Originally published December 2007
. . . previous (part one)


Did You Know?

. . . continued

Christmas was a time when all families, large and small, got together. Sometimes there might be as many as fifteen or sixteen of all ages crowded into a small terraced house. When they arrived Christmas Eve they were met by the smell of baking as their host hurried to get the last of the sausage rolls, mince pies and scones out of the oven.

Most of the houses with a scullery had an oven in the wall with a fireplace underneath and this was probably the only time in the year they used it. It was much easier to use an oil oven for everyday cooking. For the next two days the women all joined in to help with the work while the children played and the men sampled the old or mild beer from the earthenware flagons. These were lined up on the stone floor in the pantry to keep them cool.

No one worried about where they were going to sleep. The children were given priority for the bedrooms so they could have their stocking or pillowcase put at the foot of the bed. They were usually good and always keen to go to bed early that night.

Not many children waited until they got up before opening their presents Christmas morning. As soon as it was light enough to see they would be sitting up in bed and tearing at the wrappings. In houses where they had electric lights it would probably happen in the early hours and they would sometimes go to sleep again afterwards. Most of the presents given in those days fitted into a pillowcase.

Aunts and uncles generally bought sweets, annuals, jig-saws, box of paints or a game such as Draughts, Ludo, Snakes and Ladders or if you were really lucky it might be Monopoly.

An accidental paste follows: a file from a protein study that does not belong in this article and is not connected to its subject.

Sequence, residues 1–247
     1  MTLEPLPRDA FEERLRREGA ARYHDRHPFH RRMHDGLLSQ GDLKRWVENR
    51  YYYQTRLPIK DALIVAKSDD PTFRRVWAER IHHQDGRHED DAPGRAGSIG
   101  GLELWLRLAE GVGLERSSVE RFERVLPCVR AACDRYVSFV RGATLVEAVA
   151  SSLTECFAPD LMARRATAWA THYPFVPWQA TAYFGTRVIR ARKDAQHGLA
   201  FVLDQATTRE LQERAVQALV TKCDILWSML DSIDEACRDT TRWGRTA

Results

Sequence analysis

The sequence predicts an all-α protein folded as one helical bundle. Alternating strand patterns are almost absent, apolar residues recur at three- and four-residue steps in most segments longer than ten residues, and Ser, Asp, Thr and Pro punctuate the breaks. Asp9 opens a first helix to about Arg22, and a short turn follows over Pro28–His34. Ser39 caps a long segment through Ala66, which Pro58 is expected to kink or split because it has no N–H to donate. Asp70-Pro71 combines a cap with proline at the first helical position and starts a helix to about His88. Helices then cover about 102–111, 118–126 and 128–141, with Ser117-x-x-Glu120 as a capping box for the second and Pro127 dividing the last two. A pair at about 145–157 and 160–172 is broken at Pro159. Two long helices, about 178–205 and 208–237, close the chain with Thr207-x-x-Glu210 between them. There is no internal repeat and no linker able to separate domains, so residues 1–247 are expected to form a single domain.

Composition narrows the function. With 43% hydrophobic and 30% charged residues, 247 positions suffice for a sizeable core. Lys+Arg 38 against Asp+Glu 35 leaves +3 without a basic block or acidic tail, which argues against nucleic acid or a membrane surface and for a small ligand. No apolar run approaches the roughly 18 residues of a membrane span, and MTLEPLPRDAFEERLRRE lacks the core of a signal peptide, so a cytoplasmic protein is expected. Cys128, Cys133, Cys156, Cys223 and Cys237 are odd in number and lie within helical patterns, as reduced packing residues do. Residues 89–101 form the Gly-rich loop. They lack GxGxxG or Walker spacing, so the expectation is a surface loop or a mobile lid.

Celebrating Christmas
There was always a special present mum and dad, perhaps a doll for girls and a train set or meccano for boys. They also added the orange, nuts, sweets and other stocking fillers.

At breakfast on Christmas morning a large ham was placed in the centre of the table. Bread already sliced and buttered, jam, marmalade etc were placed around it. Everyone had to help themselves. Nobody ever seemed very hungry. The children were far too excited to eat or had something better in their stocking and the adults were all saving up for their Christmas dinner. This was usually a cockerel but if it was a large gathering they might stretch to a goose or turkey.

Enough meat had to be left over for a cold lunch on Boxing Day. No matter how full up they were everyone had a piece of Christmas pudding. If there was no other reason they all wanted to see if they got one of the silver threepenny pieces that were always put in when it was being mixed. Some considered it to be a lucky omen if they did.

It seemed that no sooner was the washing up done than it was time to get the tea ready. Tinned fruit with fresh cream, jellies and blancmange followed the salmon, ham, sausage rolls and almost every kind of salad dish available. Then there were the mince pies, fancy cakes, sponges, chocolate log and of course the Christmas cake.

All sorts of party games followed until quite late and for what was probably the first time that day the ladies had a chance to sit down and partake of a glass of sherry or port while sweets and biscuits were passed round. No pubs were ever open that evening and the men were quite content to drink their beer and possibly the odd glass of whisky if they were lucky.

It was always said that Christmas was a time for children. So it was and still is. However, it must be added that once they had opened their presents they amused themselves and gave the adults the opportunity to spend a couple of days relaxing while they enjoyed what was often a rare get together with other members of their family.

Of course they also had to consider all that food and drink that had to be disposed of before they left!!?

valley lad – [TWENTY NINE part two]

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